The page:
| By Brent Shearer

Winning Tennis Strokes is a short guidebook to tennis techniques and a splendid general introduction to tennis strokes. With this book, Bill Longua, a veteran tennis instructor and USPTA pro, has produced a concise guide to learning the fundamentals of the game.

As Longua explains in his foreword, this book is intended for players who range from beginners to NTRP 4.0. Unlike some other tennis books reviewed in this space, there are no admissions of drug use or high-level strategic concerns in Winning Tennis Strokes.

What you get instead is basic instruction with a non-bossy tilt. Loop backswing on groundstrokes or straight-back? Eastern, Western or Continental Grips? One-handed backhand volleys or two-handed backhand volleys for players with a two-handed backhand groundstroke? Longua says players learning the game can take their pick from these options. Fair enough.

The book also includes some practice tips for players just learning the game which, while basic, will be useful. He says beginners should bring as many balls as possible to the court so they don't have to spend so much time picking them up. This is a good point.

You could also use this concern as a reason as to why beginners should take lessons, because with a pro and a hopper in use across the net, the student can make the most of their court time. Longua does caution readers of his book that before they show up at the courts with a shopping cart full of practice balls, they should make sure there are not many players on adjacent courts.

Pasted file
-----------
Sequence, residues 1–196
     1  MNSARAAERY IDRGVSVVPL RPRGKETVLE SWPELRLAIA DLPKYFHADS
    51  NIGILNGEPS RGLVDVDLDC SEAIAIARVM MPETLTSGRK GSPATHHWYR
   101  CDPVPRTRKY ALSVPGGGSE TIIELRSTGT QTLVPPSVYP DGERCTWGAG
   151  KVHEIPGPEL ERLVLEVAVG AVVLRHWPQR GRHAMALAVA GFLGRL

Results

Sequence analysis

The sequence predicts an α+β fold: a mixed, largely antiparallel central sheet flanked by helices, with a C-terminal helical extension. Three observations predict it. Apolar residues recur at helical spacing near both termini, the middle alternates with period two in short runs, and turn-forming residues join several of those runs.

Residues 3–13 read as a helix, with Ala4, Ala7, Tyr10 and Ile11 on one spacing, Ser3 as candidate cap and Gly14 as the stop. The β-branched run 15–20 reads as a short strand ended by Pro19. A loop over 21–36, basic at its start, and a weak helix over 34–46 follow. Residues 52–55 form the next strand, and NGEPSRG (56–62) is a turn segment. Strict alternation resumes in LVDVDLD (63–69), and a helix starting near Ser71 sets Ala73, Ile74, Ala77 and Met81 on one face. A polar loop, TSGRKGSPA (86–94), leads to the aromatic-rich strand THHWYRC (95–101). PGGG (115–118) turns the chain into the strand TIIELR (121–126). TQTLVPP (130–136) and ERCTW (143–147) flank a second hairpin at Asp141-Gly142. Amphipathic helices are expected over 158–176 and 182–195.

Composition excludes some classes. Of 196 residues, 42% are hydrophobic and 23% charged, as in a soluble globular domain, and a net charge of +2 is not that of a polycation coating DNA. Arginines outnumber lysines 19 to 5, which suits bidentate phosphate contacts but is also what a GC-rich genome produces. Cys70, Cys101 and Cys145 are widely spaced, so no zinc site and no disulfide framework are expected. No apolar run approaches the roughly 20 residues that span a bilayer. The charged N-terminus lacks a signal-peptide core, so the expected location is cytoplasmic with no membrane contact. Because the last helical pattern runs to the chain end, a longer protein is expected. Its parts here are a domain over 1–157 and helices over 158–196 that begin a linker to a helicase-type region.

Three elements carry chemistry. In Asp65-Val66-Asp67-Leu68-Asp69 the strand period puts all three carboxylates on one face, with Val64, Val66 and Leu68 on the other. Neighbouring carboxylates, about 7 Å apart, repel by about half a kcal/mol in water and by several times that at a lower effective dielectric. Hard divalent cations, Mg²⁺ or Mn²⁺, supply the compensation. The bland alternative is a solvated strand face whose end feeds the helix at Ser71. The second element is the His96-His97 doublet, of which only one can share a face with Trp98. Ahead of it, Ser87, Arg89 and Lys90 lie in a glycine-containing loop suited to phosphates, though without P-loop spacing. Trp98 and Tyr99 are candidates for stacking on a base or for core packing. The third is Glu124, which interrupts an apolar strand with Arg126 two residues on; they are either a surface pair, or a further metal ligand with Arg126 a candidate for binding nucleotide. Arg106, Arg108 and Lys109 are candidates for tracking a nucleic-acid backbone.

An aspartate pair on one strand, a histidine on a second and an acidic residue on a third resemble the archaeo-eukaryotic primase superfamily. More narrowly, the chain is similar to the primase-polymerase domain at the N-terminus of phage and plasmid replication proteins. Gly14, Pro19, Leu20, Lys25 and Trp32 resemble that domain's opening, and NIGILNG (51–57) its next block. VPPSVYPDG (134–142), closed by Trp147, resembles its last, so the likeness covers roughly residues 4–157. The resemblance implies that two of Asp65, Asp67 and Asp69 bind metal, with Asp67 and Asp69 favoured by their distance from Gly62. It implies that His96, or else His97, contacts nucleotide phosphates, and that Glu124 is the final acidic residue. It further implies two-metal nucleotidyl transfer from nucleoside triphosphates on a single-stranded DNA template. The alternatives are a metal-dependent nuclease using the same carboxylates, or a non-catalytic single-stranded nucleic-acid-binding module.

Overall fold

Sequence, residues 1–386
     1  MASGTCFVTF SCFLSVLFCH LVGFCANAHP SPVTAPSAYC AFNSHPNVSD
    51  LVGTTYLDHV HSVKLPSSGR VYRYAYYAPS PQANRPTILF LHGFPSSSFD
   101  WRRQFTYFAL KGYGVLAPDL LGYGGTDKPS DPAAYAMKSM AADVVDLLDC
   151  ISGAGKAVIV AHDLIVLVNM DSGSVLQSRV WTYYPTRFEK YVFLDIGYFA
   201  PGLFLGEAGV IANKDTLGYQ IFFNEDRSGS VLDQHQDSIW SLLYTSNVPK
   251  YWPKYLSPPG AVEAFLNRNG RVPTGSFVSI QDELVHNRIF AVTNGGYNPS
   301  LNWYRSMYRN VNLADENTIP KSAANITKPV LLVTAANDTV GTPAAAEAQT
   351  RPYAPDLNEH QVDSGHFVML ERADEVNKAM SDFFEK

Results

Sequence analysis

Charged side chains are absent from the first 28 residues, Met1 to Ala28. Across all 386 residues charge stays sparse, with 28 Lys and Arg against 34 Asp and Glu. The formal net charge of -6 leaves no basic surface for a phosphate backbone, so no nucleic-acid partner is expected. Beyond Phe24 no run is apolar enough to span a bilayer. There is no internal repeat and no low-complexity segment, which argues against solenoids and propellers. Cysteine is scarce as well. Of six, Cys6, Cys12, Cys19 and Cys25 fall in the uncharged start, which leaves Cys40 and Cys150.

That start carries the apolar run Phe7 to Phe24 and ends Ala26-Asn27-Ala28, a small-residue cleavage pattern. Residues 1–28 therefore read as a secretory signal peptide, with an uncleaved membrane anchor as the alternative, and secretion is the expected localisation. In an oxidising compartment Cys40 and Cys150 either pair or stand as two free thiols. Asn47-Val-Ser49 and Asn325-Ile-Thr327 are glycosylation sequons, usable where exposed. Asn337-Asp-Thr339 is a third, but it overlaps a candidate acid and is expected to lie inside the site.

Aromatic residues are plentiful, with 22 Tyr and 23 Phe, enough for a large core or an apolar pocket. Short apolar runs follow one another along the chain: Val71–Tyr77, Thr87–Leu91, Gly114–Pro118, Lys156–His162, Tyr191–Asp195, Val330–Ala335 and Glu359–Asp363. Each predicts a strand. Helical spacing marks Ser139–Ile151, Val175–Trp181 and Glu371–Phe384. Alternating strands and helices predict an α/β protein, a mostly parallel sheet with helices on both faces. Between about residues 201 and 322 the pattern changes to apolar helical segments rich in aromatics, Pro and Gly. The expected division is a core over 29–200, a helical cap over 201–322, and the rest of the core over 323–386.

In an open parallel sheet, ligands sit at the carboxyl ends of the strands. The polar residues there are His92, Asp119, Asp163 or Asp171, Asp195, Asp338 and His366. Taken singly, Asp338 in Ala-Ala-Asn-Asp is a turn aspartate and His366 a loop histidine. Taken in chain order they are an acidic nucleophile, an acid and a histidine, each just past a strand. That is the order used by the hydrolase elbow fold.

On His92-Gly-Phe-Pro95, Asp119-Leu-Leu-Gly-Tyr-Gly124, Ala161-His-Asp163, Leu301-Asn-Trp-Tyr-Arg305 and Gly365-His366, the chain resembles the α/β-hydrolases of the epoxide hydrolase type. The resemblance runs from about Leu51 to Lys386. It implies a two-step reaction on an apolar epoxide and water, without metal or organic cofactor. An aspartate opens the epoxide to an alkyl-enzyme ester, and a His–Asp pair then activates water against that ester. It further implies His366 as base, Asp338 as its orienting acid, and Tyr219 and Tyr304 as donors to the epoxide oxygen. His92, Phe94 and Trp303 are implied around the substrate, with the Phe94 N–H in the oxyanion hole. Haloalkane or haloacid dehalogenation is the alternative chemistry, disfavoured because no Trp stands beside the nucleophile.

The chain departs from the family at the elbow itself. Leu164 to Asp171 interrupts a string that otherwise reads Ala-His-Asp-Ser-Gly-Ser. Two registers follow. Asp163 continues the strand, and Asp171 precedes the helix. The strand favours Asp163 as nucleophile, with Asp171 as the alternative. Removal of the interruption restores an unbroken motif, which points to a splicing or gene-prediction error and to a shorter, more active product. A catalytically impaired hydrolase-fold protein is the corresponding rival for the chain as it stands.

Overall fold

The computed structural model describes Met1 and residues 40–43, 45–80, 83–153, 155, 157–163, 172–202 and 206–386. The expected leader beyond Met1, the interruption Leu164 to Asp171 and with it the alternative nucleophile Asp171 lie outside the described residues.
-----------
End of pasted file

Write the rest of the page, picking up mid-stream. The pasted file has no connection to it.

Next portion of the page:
At the East River Park courts in Manhattan where I play, there is a sign that says you can only bring six balls on the court. Most people interpret this to mean you can only have six balls per court, but it could just as well mean there can only be six balls in use at any one time on all 12 courts. This would make Longua's advice hard to put into practice.

Longua is an advocate of the "watch the ball onto the strings" theory of tennis. There are other theories about this, even if nobody says to not watch the ball. Some pros say that watching the ball is overrated advice. In any case, Longua is a traditionalist on this topic.

A topic that Longua does tackle, sort of, is the open stance/closed stance debate. He takes a compromise position on this. Players should start off with what he calls the traditional forehand, turn, step, hit (closed stance) and when they graduate to an intermediate level, may switch to The Modern forehand, load, explode, land (open stance).
The author says, "I recommend that players using the closed stance learn to hit in an open stance when pulled to the corner for a forehand."

Oddly, he doesn't define closed versus open, so let me say that a closed stance for a righty's forehand means the left (front) foot is out in front and further to the right than the back foot. Open stance means hitting off the left or back foot without the body having fully turned sideways to the net. Because I learned the game in the era of white balls, wood racquets and long pants, I believe the closed stance is the morally superior way to address the ball. But I do agree with Longua's general approach, which is that players should have some flexibility as they learn the strokes.

In his section on serving, Longua identifies three kinds of serves: Flat, spin and slice. This is a little weird since a slice serve is a spin serve. What he calls a "spin" serve must be what the rest of the tennis world considers a "kick" or an "American Twist." But no harm, no foul.

In the section on lobs, Longua says, "Many players feel the lob is a cowardly shot and an easy way out of a difficult predicament."

This may be true of inexperienced players, but I recently attended an exhibition match in which three of the four players had ATP points on their resumes and the one player who didn't used the lob volley to great effect. For beginners and intermediates, this compact book will be a good companion to take to the courts with you.

Brent Shearer